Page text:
About the author

Miron Abramson
Me
Software Engineer,
CTO at PixeliT
and .NET addicted for long time.
Open source projects:
MbCompression - Compression library

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Disclaimer

The opinions expressed herein are my own personal opinions and do not represent my employer's view in anyway.

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HttpCompression on IIS7 (Using MbCompression library)

If You have full control on the server, you probably don't need my compression library MbCompression, But if you are using share hosting, sure you do.

I just uploaded the configuration for the compression library to work on IIS7.  Check the latest source code from here

Currently rated 4.6 by 7 people

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Posted by Miron on Thursday, July 23, 2009 8:46 AM
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Why I think I will stick with WebForms

The MVC concept is clear and logic and the guys at Microsoft did a very good job with the new MVC Framework , But I think I will stick with the 'old fashioned' WebForms and this is why:

1. I don't need anybody to 'force' me to seperate my code into layers. I do it any way in every site I build. I have a DataAccess layer, a Business logic layer and a 'View' layer, and I know exactly when and where to use each layer.

2. I build web sites. I don't need my code to work with any other 'View' other than HTML, and if I do, as I mentioned before, my Business logic layer is in a seperate dll so I can reuse it.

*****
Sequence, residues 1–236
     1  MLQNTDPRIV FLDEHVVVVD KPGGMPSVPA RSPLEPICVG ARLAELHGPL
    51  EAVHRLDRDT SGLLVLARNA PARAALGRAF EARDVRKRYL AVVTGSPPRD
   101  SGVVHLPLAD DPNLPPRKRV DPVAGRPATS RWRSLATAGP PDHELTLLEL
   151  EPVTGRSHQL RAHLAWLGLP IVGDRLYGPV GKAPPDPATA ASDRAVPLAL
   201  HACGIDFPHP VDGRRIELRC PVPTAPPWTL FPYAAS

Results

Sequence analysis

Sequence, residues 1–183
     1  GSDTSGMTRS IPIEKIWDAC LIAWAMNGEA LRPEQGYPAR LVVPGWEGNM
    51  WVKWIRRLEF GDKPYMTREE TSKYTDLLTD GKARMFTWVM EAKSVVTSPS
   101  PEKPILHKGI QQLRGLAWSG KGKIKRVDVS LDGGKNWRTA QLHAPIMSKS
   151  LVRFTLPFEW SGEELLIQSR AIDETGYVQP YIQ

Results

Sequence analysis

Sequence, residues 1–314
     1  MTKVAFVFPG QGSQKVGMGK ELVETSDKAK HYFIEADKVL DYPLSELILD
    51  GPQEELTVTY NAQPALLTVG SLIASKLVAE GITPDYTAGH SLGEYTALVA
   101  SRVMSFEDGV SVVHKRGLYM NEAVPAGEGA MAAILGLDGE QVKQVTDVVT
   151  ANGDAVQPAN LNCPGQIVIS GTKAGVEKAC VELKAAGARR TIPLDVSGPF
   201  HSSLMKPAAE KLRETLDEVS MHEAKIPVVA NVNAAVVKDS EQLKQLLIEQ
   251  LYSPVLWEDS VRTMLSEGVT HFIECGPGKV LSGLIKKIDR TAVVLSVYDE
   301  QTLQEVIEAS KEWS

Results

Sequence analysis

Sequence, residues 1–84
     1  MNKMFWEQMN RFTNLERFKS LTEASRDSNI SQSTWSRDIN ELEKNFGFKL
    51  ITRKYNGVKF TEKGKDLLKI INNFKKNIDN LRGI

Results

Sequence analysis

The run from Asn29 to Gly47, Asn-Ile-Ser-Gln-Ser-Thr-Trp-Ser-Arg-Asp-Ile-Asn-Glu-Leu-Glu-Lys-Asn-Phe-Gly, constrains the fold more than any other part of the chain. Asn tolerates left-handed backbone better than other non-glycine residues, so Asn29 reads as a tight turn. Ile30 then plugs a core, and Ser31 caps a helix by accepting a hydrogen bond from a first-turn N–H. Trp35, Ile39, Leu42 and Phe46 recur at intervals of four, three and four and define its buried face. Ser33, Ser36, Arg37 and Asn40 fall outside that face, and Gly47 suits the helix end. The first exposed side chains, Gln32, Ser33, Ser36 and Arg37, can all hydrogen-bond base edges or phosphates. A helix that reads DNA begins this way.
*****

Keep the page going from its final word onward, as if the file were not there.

3. One of the first things I do when I start a new project is to disable the ViewState in the web.config, which leaves me with a hidden field with about 50 chars length (aroung 50bytes) - I can live with that. That will not slow down my site. If the page is not doing any POST, I can remove the <form runat="serve"> from it, and then there will be no ViewState at all.

4. I heavily use JavaScript and Ajax (usually with jQuery & my own js 'framework') to give better user experiance.

5. The only 'Databinding controls' I use are Repeater and ListView (and DropDownList) that are rendering exactly the HTML I want.

6. The only server control (other than  'Databinding controls') I use are HyperLink,Literal and PlaceHolder that not render any extra HTML other then what I want.

7. I heavily use inline expression

8. I use short 2-3 chars names for my controls.

9. I do use NUint (truly, only when I must)

10. I use httpcompression to improve performance.

11. I use Url rewriting if needed.

12. My code is well organized and very easy to maintain.

13. I know all the little secrets of the ASP.NET framework and know how to take it to it's limits

 

I bet my sites have no worse performance than MVC sites or any other technology  and I'm sure it will take me less time to build a well organized site with all the points above.

I built and designed tens of sites. From small, medium to very large, and never had a performance problem that couldn't be solved by using the above points.

Use MVC if you want to be cool. I will stay with my oldy friend - WebForm

Why should I replace a winning horse ?

Currently rated 3.5 by 21 people